How Ec­cle­stone saved F1

. . . and made ev­ery­one hate him in the process

Lesotho Times - - Sport -

LON­DON — While it’s highly tempt­ing to say “good rid­dance” to For­mula One’s in­fa­mous loose can­non au­to­crat-gnome Bernie Ec­cle­stone, we prob­a­bly wouldn’t be ar­gu­ing about F1 at all had he not been there. Ec­cle­stone was in­stru­men­tal in sav­ing the sport in the 1970s and mak­ing it the in­ter­na­tional busi­ness pow­er­house it is in the process — no mat­ter who he burned along the way, in­clud­ing the fans.

Ec­cle­stone started as a For­mula One team owner and driver, hav­ing first ac­quired two F1 cars in 1957.

How­ever, it was his lead­er­ship of the For­mula One Con­struc­tors’ As­so­ci­a­tion, or FOCA for short, that led to Ec­cle­stone’s con­trol of the sport as we’ve known it for years.

Ec­cle­stone bought the Brab­ham F1 team in 1971 for $125,037 af­ter a dis­mal sea­son for the team, per ESPN. From there, he be­came in­volved in FOCA. FOCA, which was led by the team prin­ci­pals of non-man­u­fac­turer teams Brab­ham, Lo­tus, March, Mclaren, Wil­liams and Tyrrell, even­tu­ally let Ec­cle­stone start ne­go­ti­at­ing broad­cast rights for the sport, ac­cord­ing to the BBC.

Ec­cle­stone pi­o­neered the prac­tice of sell­ing the rights to en­tire sport of For­mula One to a broad­caster, rather than in­di­vid­ual races.

This put F1 on tele­vi­sion sets across the globe, el­e­vat­ing it from a fad­ing rich-dude pas­time to an in­ter­na­tional phe­nom­e­non. Races were eas­ier to find when they were rou­tinely on the same chan­nel, and the sport blew up ac­cord­ingly.

Over time, power con­sol­i­dated more and more into Ec­cle­stone’s hands, per the BBC. In the mid-1990s, Ec­cle­stone’s com­pany took over the rights to For­mula One from FOCA — just as Lib­erty Me­dia is do­ing now from its cur­rent suite of own­ers.

In 2000, Ec­cle­stone’s com­pany pur­chased the com­mer­cial rights to For­mula One through the year 2110 for a mere $360 mil­lion. (I say “mere” as the BBC notes that the sport’s global rev­enue to­taled $1.5 bil­lion in 2011 alone.)

For bet­ter or for worse, Ec­cle­stone’s sys­tem of ne­go­ti­at­ing broad­cast rights lives on to­day. Ec­cle­stone’s keen po­lit­i­cal ma­neu­ver­ing as head of FOCA led to the teams re­ceiv­ing an an­nual cut of the broad­cast rev­enue, which they re­ceive in ex­change for let­ting Bernie ne­go­ti­ate broad­cast deals on their be­half.

How­ever, Ec­cle­stone’s ten­dency to guard For­mula One’s sta­tus quo at the top of in­ter­na­tional mo­tor­sport fre­quently won him en­e­mies out of rac­ing fans who may have oth­er­wise en­joyed F1.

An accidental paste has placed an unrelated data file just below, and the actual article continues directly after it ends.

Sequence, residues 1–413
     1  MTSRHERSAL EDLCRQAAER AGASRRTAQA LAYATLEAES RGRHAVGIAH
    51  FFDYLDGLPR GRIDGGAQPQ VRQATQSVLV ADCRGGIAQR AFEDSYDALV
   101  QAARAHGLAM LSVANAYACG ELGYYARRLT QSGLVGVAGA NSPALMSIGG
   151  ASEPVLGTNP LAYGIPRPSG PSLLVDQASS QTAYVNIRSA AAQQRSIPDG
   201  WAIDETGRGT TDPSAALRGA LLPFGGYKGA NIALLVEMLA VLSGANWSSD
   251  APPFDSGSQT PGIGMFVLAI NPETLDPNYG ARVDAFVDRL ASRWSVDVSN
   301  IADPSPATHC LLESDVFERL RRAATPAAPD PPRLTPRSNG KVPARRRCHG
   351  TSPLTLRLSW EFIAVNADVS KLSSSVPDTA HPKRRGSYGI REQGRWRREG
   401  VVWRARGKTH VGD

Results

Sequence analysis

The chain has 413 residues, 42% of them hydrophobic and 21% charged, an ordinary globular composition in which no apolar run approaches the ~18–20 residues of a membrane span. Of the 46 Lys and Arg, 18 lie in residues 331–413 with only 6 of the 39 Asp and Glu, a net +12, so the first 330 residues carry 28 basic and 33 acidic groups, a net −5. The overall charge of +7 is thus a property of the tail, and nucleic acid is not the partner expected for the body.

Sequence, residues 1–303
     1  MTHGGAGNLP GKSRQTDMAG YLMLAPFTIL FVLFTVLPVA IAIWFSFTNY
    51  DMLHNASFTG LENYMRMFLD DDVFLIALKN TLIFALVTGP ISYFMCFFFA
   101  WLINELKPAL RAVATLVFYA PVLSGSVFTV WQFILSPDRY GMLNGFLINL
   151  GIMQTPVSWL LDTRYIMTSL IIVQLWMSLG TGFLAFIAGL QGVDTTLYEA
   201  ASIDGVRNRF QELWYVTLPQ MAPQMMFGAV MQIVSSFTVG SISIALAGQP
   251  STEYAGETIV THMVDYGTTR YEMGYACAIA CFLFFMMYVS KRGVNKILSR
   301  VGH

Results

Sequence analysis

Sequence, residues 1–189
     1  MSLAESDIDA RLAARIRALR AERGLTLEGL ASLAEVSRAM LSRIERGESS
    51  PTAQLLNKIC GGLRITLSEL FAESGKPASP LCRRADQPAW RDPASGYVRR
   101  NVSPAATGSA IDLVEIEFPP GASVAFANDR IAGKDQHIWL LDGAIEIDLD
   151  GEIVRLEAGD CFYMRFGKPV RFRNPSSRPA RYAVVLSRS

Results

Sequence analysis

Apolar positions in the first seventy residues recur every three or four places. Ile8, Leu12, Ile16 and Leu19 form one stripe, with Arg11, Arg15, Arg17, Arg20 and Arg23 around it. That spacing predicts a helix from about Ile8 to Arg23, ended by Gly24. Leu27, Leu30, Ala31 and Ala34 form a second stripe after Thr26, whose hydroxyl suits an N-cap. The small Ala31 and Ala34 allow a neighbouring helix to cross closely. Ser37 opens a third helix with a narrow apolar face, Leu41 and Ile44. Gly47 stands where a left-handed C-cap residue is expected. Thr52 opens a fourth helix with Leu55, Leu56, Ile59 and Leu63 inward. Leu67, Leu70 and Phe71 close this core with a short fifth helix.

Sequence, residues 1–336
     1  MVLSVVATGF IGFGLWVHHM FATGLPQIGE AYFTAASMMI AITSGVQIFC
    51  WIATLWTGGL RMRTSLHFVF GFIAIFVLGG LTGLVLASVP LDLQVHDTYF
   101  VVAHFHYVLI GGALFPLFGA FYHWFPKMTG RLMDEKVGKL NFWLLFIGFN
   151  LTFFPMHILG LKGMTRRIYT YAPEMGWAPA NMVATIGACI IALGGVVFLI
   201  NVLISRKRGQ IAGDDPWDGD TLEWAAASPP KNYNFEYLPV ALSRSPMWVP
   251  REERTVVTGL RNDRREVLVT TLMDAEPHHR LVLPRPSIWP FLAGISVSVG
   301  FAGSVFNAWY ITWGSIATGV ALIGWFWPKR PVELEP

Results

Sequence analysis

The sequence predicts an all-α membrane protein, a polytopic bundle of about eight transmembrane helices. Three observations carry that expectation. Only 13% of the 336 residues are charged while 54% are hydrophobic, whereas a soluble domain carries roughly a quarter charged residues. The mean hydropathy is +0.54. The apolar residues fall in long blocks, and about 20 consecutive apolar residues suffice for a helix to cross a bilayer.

His keen pol­i­tick­ing to keep F1 on top has been blamed for ev­ery­thing from the demise of Group C sports car rac­ing to the ru­inous spin-off of the Indy Rac­ing League from CART.

Plus, Ec­cle­stone’s ca­reer was filled with con­tro­versy away from the track. He never seemed to pass up an op­por­tu­nity to den­i­grate women, or to bring up his dis­dain for democ­racy, or to pal around with his au­to­crat buddy Vladimir Putin. He once praised Hitler as some­one who was “able to get things done,” with­out giv­ing a sec­ond thought to what those things ac­tu­ally were.

He never seemed to care much for where races were held or the fans’ ex­pe­ri­ence, so long as the money kept pour­ing in. He be­came syn­ony­mous with the sport it­self, and that in­cluded its fail­ures as well as its suc­cesses.

More re­cently, a pe­cu­liar bribery scan­dal sur­rounded the sale of a 47.2 per­cent stake in F1 to Ec­cle­stone’s CVC Part­ners, how­ever, Bernie was able to pay his way out of trou­ble thanks to a loop­hole in Ger­man law.

Bernie kept his power and F1 largely as it has been, how­ever, he looked like more of a comic vil­lain than ever be­fore.

It’s be­come in­creas­ingly clear that Ec­cle­stone’s broad­cast deals have be­come out of date, and his at­ti­tudes too old-fash­ioned, con­tro­ver­sial and can­tan­ker­ous to be a cred­i­ble head of an in­ter­na­tional rac­ing jug­ger­naut any­more.

For­mula One is left with much the same is­sue of rel­e­vance and ac­ces­si­bil­ity to fans it had when Bernie rose to power in the 1970s.

Fans no longer solely watch sports through tele­vi­sion; they also want to con­sume rac­ing con­tent through on­line streams, apps like Twit­ter and Snapchat, and all man­ner of re­lated dig­i­tal con­tent.

Many also de­sire to see more cross-overs be­tween se­ries, the likes of which can’t hap­pen when, for ex­am­ple, For­mula One guard­edly books a race right over the end of the 24 Hours of Le Mans.

New F1 own­ers Lib­erty Me­dia have placed im­prov­ing For­mula One’s dig­i­tal pres­ence at the fore­front of their plans for the sport. What they’ll need is a group of mod­ern-day Ec­cle­stones — ones more in tune with what fans want to­day — who are as vo­ra­cious in see­ing F1 rise in promi­nence as Bernie was in the 1970s and ‘80s. — Jalop­nik

BERNIE Ec­cle­stone (left) chats with Bri­tish driver Lewis Hamil­ton at the 2015 Bahrain Grand Prix.

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